I discussed this with a friend later in the evening, and he told me that he had been out shooting in some woods a couple of years ago, also near Fort Worth, with another friend. At a certain point a couple of trucks pulled up, and a bunch of shaven headed white guys stepped out. They asked my friend if he had seen a young black boy in a white tshirt and jeans anywhere close that afternoon, as they would 'like to have a little word with him'. When half of the guys have baseball bats, it definitely makes you think.....
The Midwest, it would seem, still has a lot of steps to take to catch up with the rest of America......
Thursday, 18 January 2007
Was recently in the US, in Dallas, Texas, where I picked up two new lenses: the Nikkor 10,5mm Fisheye, and the Nikkor 12-24mm wide angle zoom. Spent some of my spare time playing around with them and trying new things out.
For this photo I used the fisheye, which has the ability to make a very ordinary scene look special. Here's an example of just that - this was a car I found on the top layer of a multi storey car park that I had originally had entered to try and find a good vantage point to take some night shots of Dallas. It seemed the car park was also in use as a junk yard for abandoned/stolen cars, and there were a number of cars up there in various states of disrepair.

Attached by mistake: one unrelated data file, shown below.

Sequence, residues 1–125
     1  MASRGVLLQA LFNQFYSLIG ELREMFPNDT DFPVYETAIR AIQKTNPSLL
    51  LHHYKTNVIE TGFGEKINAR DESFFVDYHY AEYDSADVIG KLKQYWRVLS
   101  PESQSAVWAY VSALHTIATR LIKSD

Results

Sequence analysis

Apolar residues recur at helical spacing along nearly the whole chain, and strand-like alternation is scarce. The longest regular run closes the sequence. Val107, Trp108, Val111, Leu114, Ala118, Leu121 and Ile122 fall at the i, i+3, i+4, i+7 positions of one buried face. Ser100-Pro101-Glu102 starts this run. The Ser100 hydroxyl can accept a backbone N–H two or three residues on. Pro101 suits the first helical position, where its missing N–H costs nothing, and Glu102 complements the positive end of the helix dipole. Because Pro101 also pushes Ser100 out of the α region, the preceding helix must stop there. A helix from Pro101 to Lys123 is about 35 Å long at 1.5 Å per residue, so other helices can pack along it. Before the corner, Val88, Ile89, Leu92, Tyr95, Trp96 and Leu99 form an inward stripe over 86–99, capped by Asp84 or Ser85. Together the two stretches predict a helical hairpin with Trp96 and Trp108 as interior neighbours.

This photo was taken at around 11pm, with only a small amount of light being provided by a couple of car park lights. The actual exposure used was 30 seconds at f7.1, and I exposed for so long to enable me to get the surreal colors, as well as the movement from the trees (it was a fairly windy night).
On a side note, one thing I learnt from the trip was always to take the right accessories along.... I had a tripod together with my Markins M10 ball head, but the camera plate on my D200 had become loose.... and of course I didn't have the allen key with me. Luckily I could fix it by jamming a few business cards between the mount and the body, and it didn't cause me too many issues.
Wednesday, 17 January 2007
I travelled up to Helgoland together with Ferd, and on arrival realised my rather modest photo outfit paled in significance to some of the big guns that were on display there. Luckily Claus had arranged with Nikon Professional Service in Germany to borrow some of their loaners, so there was enough big glass to get me hooked (and to provide me with a long shopping list once I returned to the Netherlands.)
Once I returned, having enjoyed 10 days of early morning to shoot the seals, and fun afternoons on bird's rock, I made a visit to my dealer, Foto Konijnenberg in Den Ham, and returned home with all the goodies I would need for future trips, including a Nikon 200-400 VR, and the 70-200 :)
Some of the photos from that that trip can be seen in my Flickr account, but here's one for starters: